The above exercise will help you see that failure, given positive attention, blossoms into victory-ushering insights. The next step would be to rewrite the story you have subconsciously told yourself regarding the failure you take most personally and rewrite it so it serves you instead of holding you back.

Making the story conscious goes a long way in this. Meditate on what you have been telling yourself that has led to the limiting beliefs you currently hold. You might have come to one of three major negative conclusions associated with failure. Reading below will help you figure out which one you might have subconsciously internalized and what you can do to rewrite it:

“My failure is exceptional. The average person would have succeeded in doing this.”

This belief stems from an ego-centered expectation of perfection within the first attempt. If you take up things like public speaking or even approaching the opposite sex, you don’t have a neutral barometer to judge what to expect of yourself. 

In such instances, you might set an expectation driven entirely by your personal pessimism or optimism. When optimistic expectations are shattered by reality, we end up taking the failure personally because we had bet our success on nothing else but being who we are. 

To reverse this, you must seek out stories of others who made the same choice as you and suffered the same fate. If you failed a class because of low attendance, learning that others who made the same choice suffered similar consequences helps you associate responsibility with your choice instead of your person. From here, you can easily reverse engineer the cause of the setback and avoid feeling like a failure is a personal attribute of yours.

“The world, fate, and life are against me.”

This conclusion is a result of focusing on how you did everything “right” but still failed. Whether you stayed up all night to study and couldn’t top the class or followed a strict diet but didn’t lose enough weight, you are bound to have a visceral, resentful reaction to putting in the work and not being able to reap the rewards. 

Looking for something or someone to blame in such situations isn’t productive because the failure is likely to have occurred due to unpredictable and uncontrollable factors. As a result, the individual who has unfairly failed despite doing everything right ends up blaming the world and concludes that doing things right doesn’t work. 

Reading stories of persistence can help reshape this opinion. From J.K. Rowling getting rejected over a dozen times to Colonel Sanders barely staying afloat until finally hitting it off with Kentucky Fried Chicken, there are countless stories that show that it isn’t over until it is over. 

If you’re trying to lose weight and the first week of dieting didn’t bring results, don’t assume that this means you can’t lose weight. Hanging in there is the best way to combat accidental misfortunes. If you stay in business long enough, bad market conditions will go away. If you keep looking for a job long enough, the human resource demand will rise again.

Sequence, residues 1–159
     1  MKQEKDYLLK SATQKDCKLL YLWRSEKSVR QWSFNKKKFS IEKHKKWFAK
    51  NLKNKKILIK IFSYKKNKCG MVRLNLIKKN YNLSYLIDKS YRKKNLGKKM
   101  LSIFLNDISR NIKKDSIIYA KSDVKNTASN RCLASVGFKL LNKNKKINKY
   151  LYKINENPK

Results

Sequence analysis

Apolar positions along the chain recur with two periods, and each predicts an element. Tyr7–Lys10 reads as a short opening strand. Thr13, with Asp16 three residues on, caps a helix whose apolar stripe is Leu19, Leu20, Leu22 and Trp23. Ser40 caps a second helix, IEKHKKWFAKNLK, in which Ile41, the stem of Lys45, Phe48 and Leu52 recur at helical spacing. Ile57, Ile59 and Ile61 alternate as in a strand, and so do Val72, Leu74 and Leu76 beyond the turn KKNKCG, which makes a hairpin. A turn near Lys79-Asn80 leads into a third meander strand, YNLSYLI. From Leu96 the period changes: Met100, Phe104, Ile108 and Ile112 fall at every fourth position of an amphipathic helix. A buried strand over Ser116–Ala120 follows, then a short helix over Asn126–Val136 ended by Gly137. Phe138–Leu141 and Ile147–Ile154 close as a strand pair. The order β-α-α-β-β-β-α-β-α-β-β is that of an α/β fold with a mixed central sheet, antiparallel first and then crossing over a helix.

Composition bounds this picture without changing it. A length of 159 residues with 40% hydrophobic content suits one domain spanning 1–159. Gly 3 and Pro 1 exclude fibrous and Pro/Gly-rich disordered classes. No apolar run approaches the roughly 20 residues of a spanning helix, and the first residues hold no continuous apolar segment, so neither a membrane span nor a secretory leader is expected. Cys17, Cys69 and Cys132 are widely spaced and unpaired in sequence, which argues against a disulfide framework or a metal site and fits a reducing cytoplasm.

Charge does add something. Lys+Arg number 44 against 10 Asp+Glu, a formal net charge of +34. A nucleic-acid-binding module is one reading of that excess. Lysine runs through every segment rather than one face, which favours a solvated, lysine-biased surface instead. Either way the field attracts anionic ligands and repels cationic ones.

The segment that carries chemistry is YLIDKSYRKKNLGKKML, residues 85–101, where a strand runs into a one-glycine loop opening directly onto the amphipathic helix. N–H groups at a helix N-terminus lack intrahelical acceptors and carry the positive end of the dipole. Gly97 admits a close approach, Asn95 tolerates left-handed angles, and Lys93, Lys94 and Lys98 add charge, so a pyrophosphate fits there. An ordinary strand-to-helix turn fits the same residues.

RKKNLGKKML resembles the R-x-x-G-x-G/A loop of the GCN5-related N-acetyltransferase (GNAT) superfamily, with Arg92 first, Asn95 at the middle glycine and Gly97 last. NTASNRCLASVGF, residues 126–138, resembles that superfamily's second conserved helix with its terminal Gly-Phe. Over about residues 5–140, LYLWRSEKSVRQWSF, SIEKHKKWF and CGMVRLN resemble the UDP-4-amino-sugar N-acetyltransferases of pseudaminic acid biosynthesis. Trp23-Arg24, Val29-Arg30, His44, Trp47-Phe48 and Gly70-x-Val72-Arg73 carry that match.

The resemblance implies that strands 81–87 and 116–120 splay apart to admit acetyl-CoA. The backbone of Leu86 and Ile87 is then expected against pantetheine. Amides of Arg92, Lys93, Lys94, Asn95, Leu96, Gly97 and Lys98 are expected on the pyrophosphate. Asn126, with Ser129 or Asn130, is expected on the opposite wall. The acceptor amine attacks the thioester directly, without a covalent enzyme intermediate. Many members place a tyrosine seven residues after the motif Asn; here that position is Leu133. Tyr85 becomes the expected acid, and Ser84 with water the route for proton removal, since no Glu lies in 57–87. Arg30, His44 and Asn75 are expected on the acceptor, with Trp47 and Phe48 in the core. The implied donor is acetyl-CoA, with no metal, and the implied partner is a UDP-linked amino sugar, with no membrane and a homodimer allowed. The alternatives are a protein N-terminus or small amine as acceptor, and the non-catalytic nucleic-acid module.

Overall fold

“I have done everything I can.” 

When you lowball yourself on the extent to which you can invest in your personal success, you might create a false upper limit to the effort you’re willing to put into your dreams. For instance, if you tell yourself you can make 100 cold calls in a day, you might feel like a bad salesperson for not closing a single deal in a hundred calls. Moreover, you will space your calls in a way that you end up making no more than 100 calls. 

To reverse this, you must acknowledge that you can do more. It doesn’t matter what limit you set before embarking on your journey towards success; if the work you put in isn’t enough, you can conclude that you need to do more work as easily as you can conclude that you have done everything you can and won’t succeed. Deciding the latter means you don’t have to put in any work, whereas concluding the former makes you responsible for putting in more work. 

You should incentivize yourself to do more by visualizing what life will be like when you get the fruits of doing more. Expand your goals and enlarge your vision until you cannot help but be excited about the results, excited enough to renegotiate the upper limits of your effort. When you put in more work, you will also appreciate yourself more and cultivate self-respect in the process.

The above three methods of reinterpreting narratives around failure will help you gain confidence despite failing. If you play your cards right and master your inner game of narrative management, you will be able to be more confident after each failure. 

But sometimes, the problem isn’t one specific negative narrative but our tendency towards defaulting to a negative view. This issue occurs on a spectrum starting with mild pessimism and going all the way up to full-blown paranoia or clinical anxiety. It isn’t easy to fix such problems at home.

Seek Professional Help

If you suffer from clinical anxiety, the chances are you’re prone to negative self-talk and might take failures personally with no recourse to personally restore confidence without intrusive thoughts holding back your progress. 

Getting professional help from apps like TalkSpace, Better Help, or Moodfit can help you reclaim your confidence. But before paying for professional help, you must know whether you actually suffer from clinical anxiety or just have a high openness to negative emotion because of surrounding social factors.